of title 10, United States Code, by authorizing the Secretary 
of Defense to establish the Defense Intelligence Senior Level 
(DISL) personnel system for the Defense Intelligence Agency 
(DIA) and the Central Imagery Office (CIO). Section 1604 
currently authorizes the Secretary of Defense to establish 
positions for civilian officers and employees in DIA and CIO. 
The rates of basic pay for these positions are fixed in 
relation to the rates of basic pay provided in the General 
Schedule under section 5332 of title 5. Section 5332, however, 
which limits the grades of employees to GS-15, is insufficient 
for the needs of DIA and CIO.
      In 1991, two Army field activities were transferred to 
DIA. The employees at the Missile and Space Intelligence Center 
and the Armed Forces Medical Intelligence Center are high-level 
technical employees. Their positions do not meet the management 
and program criteria for Senior Executive Service (SES) 
inclusion, but they do exceed the GS-15 criteria. DIA is also 
acquiring the Human Intelligence (HUMINT) resources of the 
Military Services. This functional transfer will add over 1,000 
civilian and military personnel to DIA's rolls, and there may 
be a need to structure at least one senior advisory assignment 
as part of the Defense HUMINT Service (DHS) architecture. 
Additionally, the increased Defense intelligence leadership 
roles of DIA and CIO require increased high level activity in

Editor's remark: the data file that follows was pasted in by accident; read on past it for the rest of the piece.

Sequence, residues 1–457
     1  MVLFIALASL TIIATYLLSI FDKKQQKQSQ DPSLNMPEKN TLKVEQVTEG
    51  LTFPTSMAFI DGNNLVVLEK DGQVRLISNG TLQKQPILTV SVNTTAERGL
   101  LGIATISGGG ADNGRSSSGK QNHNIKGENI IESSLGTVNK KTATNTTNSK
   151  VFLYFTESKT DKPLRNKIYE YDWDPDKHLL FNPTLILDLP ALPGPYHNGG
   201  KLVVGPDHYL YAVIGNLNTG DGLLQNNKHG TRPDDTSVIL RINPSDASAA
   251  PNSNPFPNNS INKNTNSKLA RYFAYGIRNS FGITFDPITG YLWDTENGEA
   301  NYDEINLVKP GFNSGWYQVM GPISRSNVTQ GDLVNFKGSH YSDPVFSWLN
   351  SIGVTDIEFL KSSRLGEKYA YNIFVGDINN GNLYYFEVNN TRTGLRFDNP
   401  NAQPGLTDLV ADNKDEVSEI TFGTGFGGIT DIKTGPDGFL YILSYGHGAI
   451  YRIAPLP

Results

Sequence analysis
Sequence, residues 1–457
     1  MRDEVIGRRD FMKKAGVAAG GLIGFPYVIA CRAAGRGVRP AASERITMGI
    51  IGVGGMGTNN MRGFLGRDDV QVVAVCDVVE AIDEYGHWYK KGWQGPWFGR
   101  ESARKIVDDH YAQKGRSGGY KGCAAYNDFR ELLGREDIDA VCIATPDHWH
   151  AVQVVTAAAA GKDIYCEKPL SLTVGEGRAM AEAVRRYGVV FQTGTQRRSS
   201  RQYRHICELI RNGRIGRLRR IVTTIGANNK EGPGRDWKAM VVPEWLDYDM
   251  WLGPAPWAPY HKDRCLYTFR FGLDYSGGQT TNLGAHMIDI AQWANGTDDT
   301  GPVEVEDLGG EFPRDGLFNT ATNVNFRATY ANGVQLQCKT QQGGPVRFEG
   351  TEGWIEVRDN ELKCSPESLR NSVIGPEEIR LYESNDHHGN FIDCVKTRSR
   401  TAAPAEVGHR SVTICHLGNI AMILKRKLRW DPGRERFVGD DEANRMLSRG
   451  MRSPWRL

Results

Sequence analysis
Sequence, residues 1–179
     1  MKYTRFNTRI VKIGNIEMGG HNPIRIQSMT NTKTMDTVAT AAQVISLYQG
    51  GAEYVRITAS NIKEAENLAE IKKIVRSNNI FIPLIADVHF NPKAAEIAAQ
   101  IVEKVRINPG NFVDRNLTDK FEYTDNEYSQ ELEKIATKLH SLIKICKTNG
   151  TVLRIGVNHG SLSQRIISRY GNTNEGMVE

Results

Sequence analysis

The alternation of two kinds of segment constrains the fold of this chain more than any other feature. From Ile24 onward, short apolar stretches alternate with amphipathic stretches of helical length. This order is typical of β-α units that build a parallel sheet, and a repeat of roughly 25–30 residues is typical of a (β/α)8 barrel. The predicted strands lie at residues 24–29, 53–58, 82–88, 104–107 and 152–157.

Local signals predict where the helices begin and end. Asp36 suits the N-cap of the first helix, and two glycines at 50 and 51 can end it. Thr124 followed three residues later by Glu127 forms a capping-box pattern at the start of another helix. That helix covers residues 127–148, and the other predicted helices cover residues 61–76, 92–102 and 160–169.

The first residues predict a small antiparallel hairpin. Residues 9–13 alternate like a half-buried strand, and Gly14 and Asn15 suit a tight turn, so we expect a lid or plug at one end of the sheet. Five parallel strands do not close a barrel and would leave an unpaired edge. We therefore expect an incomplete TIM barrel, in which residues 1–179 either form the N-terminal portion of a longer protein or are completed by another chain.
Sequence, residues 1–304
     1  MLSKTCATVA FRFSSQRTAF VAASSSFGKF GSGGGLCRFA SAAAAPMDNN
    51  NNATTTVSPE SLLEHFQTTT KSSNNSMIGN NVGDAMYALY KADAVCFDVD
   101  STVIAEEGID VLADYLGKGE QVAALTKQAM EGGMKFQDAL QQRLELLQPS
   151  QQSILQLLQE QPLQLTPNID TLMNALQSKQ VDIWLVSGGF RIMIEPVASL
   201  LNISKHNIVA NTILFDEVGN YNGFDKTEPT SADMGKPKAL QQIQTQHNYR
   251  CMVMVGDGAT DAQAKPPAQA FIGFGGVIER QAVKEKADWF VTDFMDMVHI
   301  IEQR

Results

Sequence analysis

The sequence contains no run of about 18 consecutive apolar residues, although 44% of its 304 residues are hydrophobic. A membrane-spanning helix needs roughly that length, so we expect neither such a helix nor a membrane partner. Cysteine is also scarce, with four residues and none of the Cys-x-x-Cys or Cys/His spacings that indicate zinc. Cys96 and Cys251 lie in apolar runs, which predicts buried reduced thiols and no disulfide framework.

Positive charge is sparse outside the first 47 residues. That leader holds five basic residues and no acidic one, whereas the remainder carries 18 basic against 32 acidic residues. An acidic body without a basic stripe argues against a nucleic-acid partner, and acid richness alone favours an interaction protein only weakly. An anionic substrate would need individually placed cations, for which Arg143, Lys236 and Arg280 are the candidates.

technical analysis, liaison and advisory services.
      The primary purpose of DISL positions will be to provide 
technical expertise and advisory services beyond the GS-15 
level established by DIA and CIO. Employees in DISL positions 
will not be responsible for managerial and program oversight, 
which are functions of the SES. DISL positions will include 
Defense Intelligence Senior Technical (DIST) and Defense 
Intelligence Senior Professional (DISP) assignments. These 
positions are classifiable above the DIA and CIO GS-15 level 
but do not involve the organizational or program management 
functions necessary for the Defense Intelligence Senior 
Executive Service.
      DIST positions are those that involve research and 
development; test and evaluation; or substantive analysis, 
liaison, and/or advisory activity focusing on engineering, 
physical sciences, computer science, mathematics, medicine, 
biology, chemistry, or other closely related scientific and 
technical fields; and intelligence disciplines including 
production, collection, and operations in close association 
with the preceding or related activities.
      DISP positions are those that emphasize staff, liaison, 
analytical, advisory, or other activity focusing on 
intelligence, law, finance and accounting, program and budget, 
human resources management, training, information services, 
logistics, and other appropriate support fields.
      DISL positions will provide DIA and CIO with the 
flexibility that is essential to recruit effectively and to 
retain highly competent employees with scientific, technical,